High gain, high speed linear sense amplifiers have reduced tolerance for imbalance, thereby decreasing the number of cells that can be coupled to the sense amplifier and further limiting the density of the memory array. The linear sense amplifier also limits the speed of the memory because linear sense amplifiers are limited by a given gain-bandwidth product, so that the higher the gain required, the slower the speed of the linear sense amplifier and vice versa.

Since linear sense amplifiers consume high power, many memory designs deactivate the sense amplifiers when a read operation is not being performed. Unfortunately, deactivation reduces the speed of the memory device because the sense amplifiers must be reactivated prior to a read operation.

Finally, at some point during the linear amplification of a read signal, the linearly amplified signal must be nonlinearly converted into a binary ONE or ZERO. Accordingly, the output of a sense amplifier is typically coupled to a latch, to thereby produce one or the other binary state. See for example U.S. Pat. No. 4,843,264 to Galbraith entitled Dynamic Sense Amplifier For CMOS Static RAM, and U.S. Pat. No. 4,831,287 to Golab entitled Latching Sense Amplifier. Unfortunately, sense amplifiers which include a combination of a linear analog sense amplifier and a nonlinear latch are complicated and are difficult to accurately control for high speed operation.

SUMMARY OF THE INVENTION

It is therefore an object of the present invention to provide an improved sense circuit for use in a memory.

It is another object of the invention to provide a sensing circuit which is capable of sensing binary data at high speed and with low power dissipation.

It is yet another object of the invention to provide a high speed, low power random access memory design.

These and other objects are provided according to the present invention by a Differential Latching Inverter (DLI) which is responsive to the voltage on a pair of differential inputs thereto. The Differential Latching Inverter (DLI) may be connected to a pair of bit lines in a memory array, for sensing the binary state of the state of a selected memory cell. When one of the input signals to the DLI rise above a predetermined threshold, the DLI is responsive to a small differential component between the signals applied thereto to rapidly latch the output of the inverter to one logical state or another. For example, in a memory using five volt and ground reference voltages, when an input signal to the DLI is above one volt, and an input differential of at least two millivolts is present between the input signals, the DLI rapidly latches up to a first or a second logical value depending upon which of the inputs has the higher input differential.

The Differential Latching Inverter of the present invention may be implemented using a minimal number of field effect transistors, as described below, and does not require the generation of a separate reference voltage or require high gain analog linear sense amplifiers for operation. Accordingly, high speed, low power, high density sensing of signals stored in a random access memory is provided.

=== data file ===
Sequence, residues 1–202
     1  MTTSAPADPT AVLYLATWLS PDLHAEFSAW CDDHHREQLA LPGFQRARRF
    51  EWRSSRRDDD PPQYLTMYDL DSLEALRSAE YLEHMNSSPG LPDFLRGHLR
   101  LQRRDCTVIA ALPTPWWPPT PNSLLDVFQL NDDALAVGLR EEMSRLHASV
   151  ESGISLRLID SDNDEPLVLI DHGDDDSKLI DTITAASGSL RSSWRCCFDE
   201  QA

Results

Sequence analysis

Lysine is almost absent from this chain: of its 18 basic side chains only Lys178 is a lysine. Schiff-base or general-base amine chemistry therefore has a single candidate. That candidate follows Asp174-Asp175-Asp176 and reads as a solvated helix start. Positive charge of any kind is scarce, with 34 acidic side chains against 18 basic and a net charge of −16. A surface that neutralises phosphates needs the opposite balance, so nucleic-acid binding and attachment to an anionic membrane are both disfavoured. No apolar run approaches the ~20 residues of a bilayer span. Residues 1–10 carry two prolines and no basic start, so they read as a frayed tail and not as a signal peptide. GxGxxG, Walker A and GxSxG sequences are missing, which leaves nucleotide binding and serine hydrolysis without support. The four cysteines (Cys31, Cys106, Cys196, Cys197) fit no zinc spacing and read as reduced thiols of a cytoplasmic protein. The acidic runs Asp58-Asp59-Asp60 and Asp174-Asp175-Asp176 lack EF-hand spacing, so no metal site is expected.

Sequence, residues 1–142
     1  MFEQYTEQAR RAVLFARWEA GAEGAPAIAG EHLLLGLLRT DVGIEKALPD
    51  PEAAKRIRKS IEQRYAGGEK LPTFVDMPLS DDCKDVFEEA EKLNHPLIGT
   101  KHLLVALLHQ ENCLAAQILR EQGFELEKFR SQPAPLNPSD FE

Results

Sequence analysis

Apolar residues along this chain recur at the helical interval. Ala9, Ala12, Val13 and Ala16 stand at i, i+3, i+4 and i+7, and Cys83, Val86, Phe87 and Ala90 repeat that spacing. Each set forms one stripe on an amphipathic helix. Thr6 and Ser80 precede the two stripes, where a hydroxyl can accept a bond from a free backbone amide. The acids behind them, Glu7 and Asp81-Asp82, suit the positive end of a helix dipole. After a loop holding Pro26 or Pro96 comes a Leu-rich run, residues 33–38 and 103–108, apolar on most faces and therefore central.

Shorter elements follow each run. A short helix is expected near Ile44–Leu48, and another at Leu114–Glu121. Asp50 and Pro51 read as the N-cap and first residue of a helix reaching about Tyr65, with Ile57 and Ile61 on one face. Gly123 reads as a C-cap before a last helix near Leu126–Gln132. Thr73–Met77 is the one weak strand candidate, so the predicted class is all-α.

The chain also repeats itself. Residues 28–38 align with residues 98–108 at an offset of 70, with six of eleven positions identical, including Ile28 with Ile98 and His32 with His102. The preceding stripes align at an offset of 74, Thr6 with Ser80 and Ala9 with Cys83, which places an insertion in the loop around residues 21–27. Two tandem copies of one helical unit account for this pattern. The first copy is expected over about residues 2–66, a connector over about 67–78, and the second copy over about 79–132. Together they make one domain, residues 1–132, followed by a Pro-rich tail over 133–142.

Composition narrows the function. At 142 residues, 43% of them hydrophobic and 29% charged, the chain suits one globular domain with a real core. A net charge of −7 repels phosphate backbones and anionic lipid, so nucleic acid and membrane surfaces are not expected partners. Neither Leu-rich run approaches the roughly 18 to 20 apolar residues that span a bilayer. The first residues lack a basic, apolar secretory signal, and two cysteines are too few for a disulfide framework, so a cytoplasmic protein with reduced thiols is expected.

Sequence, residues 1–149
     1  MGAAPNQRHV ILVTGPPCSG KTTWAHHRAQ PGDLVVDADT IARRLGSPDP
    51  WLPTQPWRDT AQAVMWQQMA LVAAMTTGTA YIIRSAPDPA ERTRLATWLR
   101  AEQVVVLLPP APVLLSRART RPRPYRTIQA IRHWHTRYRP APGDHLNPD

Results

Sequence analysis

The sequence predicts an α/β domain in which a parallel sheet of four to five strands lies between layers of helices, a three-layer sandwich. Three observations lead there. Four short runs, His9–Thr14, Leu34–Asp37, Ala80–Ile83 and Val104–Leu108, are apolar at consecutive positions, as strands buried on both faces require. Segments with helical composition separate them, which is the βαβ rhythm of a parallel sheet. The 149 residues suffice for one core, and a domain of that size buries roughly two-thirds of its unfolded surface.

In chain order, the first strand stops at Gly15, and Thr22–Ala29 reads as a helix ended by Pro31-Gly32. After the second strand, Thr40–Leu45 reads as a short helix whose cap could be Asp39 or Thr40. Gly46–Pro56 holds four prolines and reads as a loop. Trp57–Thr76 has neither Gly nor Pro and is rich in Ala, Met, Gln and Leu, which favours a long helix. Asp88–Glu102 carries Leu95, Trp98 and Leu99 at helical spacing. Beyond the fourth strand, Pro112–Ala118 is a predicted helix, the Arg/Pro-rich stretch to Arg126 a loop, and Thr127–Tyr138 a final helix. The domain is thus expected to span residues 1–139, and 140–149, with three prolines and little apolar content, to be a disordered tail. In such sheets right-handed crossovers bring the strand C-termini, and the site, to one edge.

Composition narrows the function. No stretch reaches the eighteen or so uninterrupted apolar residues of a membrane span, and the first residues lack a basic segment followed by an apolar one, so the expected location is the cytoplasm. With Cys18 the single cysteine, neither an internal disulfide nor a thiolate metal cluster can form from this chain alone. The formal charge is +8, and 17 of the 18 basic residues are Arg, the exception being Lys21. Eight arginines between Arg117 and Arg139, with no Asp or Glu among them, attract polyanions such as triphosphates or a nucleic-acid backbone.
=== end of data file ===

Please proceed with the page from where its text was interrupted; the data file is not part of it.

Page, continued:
A basic design of a Differential Latching Inverter of the present invention includes a pair of complementary field effect transistor inverters, each of which is connected between first and second reference voltages, typically the power supply voltage VDD and ground, with each inverter including an input and an output. According to the invention, the FETs of each of the first and second complementary inverters are designed to produce an inverter transfer function which is skewed toward one of the first or second reference voltages. In other words, the inverters do not produce a symmetrical inverter transfer function relative to the first and second reference voltages. Rather, the transfer function is skewed toward one of the reference voltages. In a preferred embodiment, the voltage transfer function is skewed towards ground by a factor of 21/2 less than a symmetrical inverter, so that a voltage threshold of about one volt causes the inverter to rapidly change state, upon sensing a voltage differential of about two millivolts.

The first and second skewed inverters of the present invention are cross coupled by connecting the input of the first inverter to the output of the second inverter and the input of the second inverter to the output of the first inverter, to thereby create a latch. A first bit line is connected to the input of the first inverter and a second bit line is connected to the input of the second inverter.

The Differential Latching Inverter (DLI) of the present invention exhibits three states. When one or the other input to the DLI rises above the threshold voltage and an input differential of two millivolts or greater is found between the two bit line inputs, the DLI latches to a binary ONE or binary ZERO state. In a third or reset state, in which the bit line inputs thereto are both below the DLI's threshold voltage, both outputs of the DLI are ZERO. No DC power is dissipated by the DLI in either of its three stable states, and minimal power is dissipated by the DLI when it switches from one state to another.

The skewed transfer function, first and second complementary inverters of the DLI may be produced by controlling the dimensions of the complementary FET transistors of the skewed inverters so that the product of the square channel saturation current and the ratio of channel width to length of the FETs of a first conductivity type is substantially greater than the product of the square channel saturation current and the ratio of the channel width to length of the FETs of the second conductivity type. Preferably, the products of the square channel saturation current and the ratio of channel width to length differ by a factor of ten.